The detailed measurements for the D3s show improved performance over the D3 at almost every ISO level - with the difference in performance greatest at high ISO levels (above ISO 1600). The D3x excels at low ISO levels with far superior performance at lowest or base ISO - minimal noise and exceptional color and dynamic range. At ISO 200 and beyond there is little difference until you get to ISO 1600 and above where the D3s shines.
What this means is there are optimum ranges where each camera has an advantage. The high megapixel cameras perform better than anything on the market at base ISO - ISO 50 to ISO 200. With all these cameras there is an increase in noise and a dropoff in color and dynamic range as ISO increases - and they are pretty similar from ISO 400 to ISO 1600.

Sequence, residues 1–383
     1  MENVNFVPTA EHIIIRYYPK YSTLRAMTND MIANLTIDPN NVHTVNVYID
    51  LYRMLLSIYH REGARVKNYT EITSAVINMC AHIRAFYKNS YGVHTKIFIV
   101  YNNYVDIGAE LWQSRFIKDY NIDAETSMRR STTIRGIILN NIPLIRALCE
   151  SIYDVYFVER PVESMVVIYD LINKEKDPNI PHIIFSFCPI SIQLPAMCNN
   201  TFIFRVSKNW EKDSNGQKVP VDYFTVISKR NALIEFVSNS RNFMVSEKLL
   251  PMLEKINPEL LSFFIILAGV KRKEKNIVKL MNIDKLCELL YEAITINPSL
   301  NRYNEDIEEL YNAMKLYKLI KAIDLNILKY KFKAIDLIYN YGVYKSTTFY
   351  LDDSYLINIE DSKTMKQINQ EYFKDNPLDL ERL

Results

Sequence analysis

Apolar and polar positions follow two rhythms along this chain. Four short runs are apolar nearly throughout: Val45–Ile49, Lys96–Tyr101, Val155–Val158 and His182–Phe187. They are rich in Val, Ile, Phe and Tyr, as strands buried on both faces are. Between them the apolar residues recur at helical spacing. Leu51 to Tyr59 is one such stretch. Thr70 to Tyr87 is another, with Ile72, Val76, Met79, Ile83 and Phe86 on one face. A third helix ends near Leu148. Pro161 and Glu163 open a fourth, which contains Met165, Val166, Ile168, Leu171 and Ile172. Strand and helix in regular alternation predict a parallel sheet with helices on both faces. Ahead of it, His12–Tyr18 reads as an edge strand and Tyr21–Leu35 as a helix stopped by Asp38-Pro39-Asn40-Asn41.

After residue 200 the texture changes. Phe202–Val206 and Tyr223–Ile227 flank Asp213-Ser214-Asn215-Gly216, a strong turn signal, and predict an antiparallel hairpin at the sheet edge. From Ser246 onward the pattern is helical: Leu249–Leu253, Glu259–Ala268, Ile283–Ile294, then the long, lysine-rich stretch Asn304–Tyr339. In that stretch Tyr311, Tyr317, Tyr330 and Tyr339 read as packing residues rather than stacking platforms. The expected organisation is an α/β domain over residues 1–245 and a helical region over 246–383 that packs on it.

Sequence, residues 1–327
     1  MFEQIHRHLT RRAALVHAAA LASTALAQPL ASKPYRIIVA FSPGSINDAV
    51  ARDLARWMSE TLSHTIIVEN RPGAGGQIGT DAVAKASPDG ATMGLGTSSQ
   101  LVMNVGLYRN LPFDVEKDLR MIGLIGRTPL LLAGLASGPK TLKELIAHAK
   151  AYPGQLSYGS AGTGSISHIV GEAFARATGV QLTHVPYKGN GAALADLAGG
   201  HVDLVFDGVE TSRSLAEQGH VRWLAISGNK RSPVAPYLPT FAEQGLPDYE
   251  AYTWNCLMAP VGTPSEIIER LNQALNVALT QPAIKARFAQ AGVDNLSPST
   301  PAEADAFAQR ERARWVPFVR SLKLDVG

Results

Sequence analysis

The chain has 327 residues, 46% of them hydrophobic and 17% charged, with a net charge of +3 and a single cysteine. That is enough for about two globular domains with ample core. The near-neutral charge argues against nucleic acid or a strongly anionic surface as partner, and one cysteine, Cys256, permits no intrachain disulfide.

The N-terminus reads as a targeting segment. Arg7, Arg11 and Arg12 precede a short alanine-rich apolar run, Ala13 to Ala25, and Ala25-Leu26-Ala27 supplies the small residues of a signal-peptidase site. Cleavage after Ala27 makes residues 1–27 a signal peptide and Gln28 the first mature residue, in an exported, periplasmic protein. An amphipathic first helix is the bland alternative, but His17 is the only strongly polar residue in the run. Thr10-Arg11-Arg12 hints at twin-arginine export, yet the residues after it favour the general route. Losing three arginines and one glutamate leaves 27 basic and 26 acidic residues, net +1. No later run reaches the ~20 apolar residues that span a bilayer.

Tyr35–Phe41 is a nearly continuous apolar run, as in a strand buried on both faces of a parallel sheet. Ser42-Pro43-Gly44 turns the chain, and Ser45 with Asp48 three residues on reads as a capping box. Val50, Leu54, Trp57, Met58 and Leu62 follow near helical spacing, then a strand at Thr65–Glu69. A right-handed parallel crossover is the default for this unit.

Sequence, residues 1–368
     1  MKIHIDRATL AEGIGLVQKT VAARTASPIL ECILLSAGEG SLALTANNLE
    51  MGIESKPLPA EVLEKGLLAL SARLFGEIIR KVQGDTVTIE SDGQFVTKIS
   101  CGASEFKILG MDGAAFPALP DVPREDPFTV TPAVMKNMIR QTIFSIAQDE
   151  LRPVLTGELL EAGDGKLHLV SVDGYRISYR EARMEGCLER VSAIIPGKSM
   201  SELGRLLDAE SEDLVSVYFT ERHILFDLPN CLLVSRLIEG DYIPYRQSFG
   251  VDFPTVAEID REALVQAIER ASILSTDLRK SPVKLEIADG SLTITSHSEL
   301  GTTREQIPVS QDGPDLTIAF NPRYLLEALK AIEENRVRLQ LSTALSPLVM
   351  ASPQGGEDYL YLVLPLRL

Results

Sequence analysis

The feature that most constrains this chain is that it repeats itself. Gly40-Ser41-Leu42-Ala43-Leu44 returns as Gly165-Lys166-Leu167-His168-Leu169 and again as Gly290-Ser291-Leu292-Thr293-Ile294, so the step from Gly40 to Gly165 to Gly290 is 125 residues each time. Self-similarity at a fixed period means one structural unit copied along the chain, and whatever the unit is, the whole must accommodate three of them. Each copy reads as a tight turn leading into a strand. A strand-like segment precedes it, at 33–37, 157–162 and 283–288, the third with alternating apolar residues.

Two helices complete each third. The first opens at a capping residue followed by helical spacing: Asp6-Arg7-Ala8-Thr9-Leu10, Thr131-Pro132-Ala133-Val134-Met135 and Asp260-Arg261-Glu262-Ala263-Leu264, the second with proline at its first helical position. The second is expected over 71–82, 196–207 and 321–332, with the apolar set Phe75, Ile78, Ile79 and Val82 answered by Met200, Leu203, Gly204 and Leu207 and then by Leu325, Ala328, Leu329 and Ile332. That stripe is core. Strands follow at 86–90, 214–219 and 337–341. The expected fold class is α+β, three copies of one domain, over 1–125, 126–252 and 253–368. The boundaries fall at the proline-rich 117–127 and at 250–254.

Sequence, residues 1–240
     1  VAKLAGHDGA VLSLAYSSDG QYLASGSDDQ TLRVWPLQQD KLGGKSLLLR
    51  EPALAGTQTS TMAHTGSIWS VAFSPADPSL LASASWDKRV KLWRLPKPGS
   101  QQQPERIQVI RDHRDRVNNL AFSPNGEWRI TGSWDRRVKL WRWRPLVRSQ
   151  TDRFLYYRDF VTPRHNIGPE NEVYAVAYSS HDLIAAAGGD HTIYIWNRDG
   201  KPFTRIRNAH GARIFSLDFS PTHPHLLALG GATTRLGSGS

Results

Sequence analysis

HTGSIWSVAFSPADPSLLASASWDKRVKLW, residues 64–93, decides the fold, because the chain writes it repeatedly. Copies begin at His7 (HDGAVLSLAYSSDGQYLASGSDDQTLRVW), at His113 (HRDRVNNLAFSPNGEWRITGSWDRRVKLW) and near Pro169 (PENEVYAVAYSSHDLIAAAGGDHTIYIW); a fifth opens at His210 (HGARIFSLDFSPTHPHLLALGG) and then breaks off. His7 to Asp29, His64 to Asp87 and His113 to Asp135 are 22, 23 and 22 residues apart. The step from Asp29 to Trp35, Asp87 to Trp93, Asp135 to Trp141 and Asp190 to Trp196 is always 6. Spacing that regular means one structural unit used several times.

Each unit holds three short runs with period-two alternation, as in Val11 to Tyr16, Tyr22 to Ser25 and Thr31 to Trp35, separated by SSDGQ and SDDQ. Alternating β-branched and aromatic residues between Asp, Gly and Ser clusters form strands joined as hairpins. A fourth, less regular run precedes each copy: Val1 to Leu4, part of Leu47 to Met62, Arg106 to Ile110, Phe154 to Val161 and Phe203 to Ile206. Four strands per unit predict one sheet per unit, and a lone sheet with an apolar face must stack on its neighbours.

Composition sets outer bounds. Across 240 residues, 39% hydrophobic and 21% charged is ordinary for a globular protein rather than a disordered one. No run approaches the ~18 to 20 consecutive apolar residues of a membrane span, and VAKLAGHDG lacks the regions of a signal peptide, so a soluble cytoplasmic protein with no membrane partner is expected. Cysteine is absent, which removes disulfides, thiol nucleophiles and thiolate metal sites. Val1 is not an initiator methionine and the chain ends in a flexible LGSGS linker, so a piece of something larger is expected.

The D3 initially had small advantages over the D3x at higher ISO levels, but with the D3s the camera apparently was re-tuned to achieve significant improvements at high ISO levels.
What this means for the D800 is that you can expect fantastic color and dynamic range at base ISO. But as you move into normal and high ISO levels the larger pixel pitch of the D4 will prevail. As for comparison with the D3/D3s/D700 - it appears the only place the latter might outperform the D800 is at high ISO levels - above ISO 1600 or even ISO 3200.
Using the D7000 as a reference point for the pixel and processor performance in the D800, we should see a significant step of improvement (I'd estimate a full stop at all levels). The D7000 reduced the pixel pitch from the D3x, but was able to generate substantial improvements in dynamic range, color, and high ISO performance to nearly match the D3x in those areas. That means really good things for the D800.